Authorities have issued a warning after “magic mushrooms” were found growing at a popular pasture in Yangmingshan National Park (陽明山), saying the fungi are classified as a “Category 2” illegal drug.
Taipei’s Seventh Special Police Corps (保七總隊), in charge of public safety at Yangmingshan park, said they were alarmed at the discovery of “magic mushrooms” and have beefed up patrols in the park, which is frequented daily by city residents, hikers and tourists.
“We are paying close attention to this case and a team was dispatched this morning to collect the mushrooms. They will be sent for lab analysis,” said Wang Chi-cheng (王志成), head of the criminal investigation unit at the Seventh Special Police Corps.
Photo provided by the Criminal Investigation Bureau
“Before making a proper identification, we have reinforced patrols throughout all areas of Yangmingshan,” Wang told reporters.
The beefed-up patrols are needed because authorities have become aware of reports of the mushrooms creating a buzz both online and off the Web, mostly due to unfamiliarity and curiosity about this particular wild fungus with hallucinatory and psychedelic properties, Wang said.
According to a Chinese-language Apple Daily report on Monday, a man from Taipei surnamed Huang (黃) last month went to park’s Qingtiangang (擎天崗), a scenic mountain pasture still used by local farmers to graze cattle.
Huang said he found wild mushrooms, mostly white in color, growing on the cow dung. Thinking they were edible, the 24-year-old picked a bunch and took them home. He made a vegetable stir-fry with the mushrooms and consumed the dish.
Huang recalled that he began to experience something unusual.
“I felt light, like my body was floating in midair. I saw strange things and space seemed distorted. I also had this uncontrollable drooling,” he said, according to the newspaper report.
After coming down from the hallucinatory trip, which lasted about two hours, Huang was frightened and told a friend about the experience, who was certain Huang had eaten “magic mushrooms.”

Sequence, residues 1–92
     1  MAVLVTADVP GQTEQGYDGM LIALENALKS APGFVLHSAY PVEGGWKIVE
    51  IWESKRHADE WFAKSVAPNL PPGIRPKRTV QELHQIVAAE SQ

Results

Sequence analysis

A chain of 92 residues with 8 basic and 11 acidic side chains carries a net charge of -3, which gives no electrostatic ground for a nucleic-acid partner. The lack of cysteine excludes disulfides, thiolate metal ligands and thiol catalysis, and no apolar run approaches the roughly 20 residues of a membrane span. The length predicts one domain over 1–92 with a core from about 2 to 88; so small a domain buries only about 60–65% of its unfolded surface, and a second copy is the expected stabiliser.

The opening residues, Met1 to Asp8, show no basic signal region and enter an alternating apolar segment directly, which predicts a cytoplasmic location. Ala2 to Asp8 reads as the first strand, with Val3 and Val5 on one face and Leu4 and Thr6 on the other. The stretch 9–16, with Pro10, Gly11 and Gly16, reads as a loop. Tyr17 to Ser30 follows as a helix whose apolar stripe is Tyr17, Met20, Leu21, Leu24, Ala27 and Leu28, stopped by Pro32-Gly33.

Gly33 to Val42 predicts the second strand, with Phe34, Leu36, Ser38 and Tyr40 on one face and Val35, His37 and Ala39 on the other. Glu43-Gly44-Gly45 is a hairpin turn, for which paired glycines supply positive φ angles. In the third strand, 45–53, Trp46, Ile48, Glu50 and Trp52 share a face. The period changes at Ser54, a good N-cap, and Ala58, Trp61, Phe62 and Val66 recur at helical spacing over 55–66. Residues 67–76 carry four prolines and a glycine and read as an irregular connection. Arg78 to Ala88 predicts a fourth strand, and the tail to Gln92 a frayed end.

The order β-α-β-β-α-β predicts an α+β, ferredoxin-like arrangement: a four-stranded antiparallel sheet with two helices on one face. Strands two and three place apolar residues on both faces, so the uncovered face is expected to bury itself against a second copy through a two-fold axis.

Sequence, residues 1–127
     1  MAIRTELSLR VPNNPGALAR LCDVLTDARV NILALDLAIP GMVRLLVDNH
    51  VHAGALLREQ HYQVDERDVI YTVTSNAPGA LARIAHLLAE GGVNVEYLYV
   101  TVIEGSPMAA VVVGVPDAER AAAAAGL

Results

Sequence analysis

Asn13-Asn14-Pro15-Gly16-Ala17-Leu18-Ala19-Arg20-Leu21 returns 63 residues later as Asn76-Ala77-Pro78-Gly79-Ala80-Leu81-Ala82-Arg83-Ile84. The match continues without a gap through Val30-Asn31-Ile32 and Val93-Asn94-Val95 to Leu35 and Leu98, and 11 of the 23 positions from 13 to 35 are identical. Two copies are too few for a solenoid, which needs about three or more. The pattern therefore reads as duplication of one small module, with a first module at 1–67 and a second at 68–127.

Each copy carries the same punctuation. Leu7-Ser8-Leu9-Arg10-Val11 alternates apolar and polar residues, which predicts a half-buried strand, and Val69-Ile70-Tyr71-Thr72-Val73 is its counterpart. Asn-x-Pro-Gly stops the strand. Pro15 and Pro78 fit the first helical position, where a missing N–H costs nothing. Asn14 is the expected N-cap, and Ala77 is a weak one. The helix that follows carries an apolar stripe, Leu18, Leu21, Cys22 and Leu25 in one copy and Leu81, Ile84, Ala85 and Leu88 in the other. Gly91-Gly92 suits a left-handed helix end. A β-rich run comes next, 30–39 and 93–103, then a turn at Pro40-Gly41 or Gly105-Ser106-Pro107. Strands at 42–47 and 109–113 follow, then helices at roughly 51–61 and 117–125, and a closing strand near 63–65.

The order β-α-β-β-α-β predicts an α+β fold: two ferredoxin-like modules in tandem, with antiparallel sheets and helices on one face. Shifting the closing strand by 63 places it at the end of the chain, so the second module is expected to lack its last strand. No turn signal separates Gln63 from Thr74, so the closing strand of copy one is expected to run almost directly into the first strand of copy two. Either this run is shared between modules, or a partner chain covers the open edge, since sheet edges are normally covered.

According to experts, Huang had eaten psilocybin mushrooms, which contain the active ingredients psilocybin and psilocin.
Chen Chi-chen (陳啟禎), a biology professor at Southern Taiwan University of Science and Technology, said some indigenous people of central America used psilocybin mushrooms to induce psychedelic experiences during traditional ceremonies and religious rituals.
“In this case, the mushroom spores were eaten by cattle and expelled in their feces. When suitable temperature and humidity conditions were met, they sprouted on the dung and grew into mature mushrooms,” Chen said.
“They can also grow on other cool and wet mountain slopes around Taiwan, not just on Yangmingshan,” he added.
On Tuesday, the Food and Drug Administration issued a statement warning the public not to pick any wild mushrooms found in mountainous areas and not to eat them.
“Psilocybin mushrooms affect the central nervous system, lead to muscle weakness, and may cause convulsions and lead to death in serious cases,” the administration said.
The statement stressed that psilocybin mushrooms are illegal in Taiwan, as they are considered a “Category 2” drug, alongside marijuana and amphetamine.
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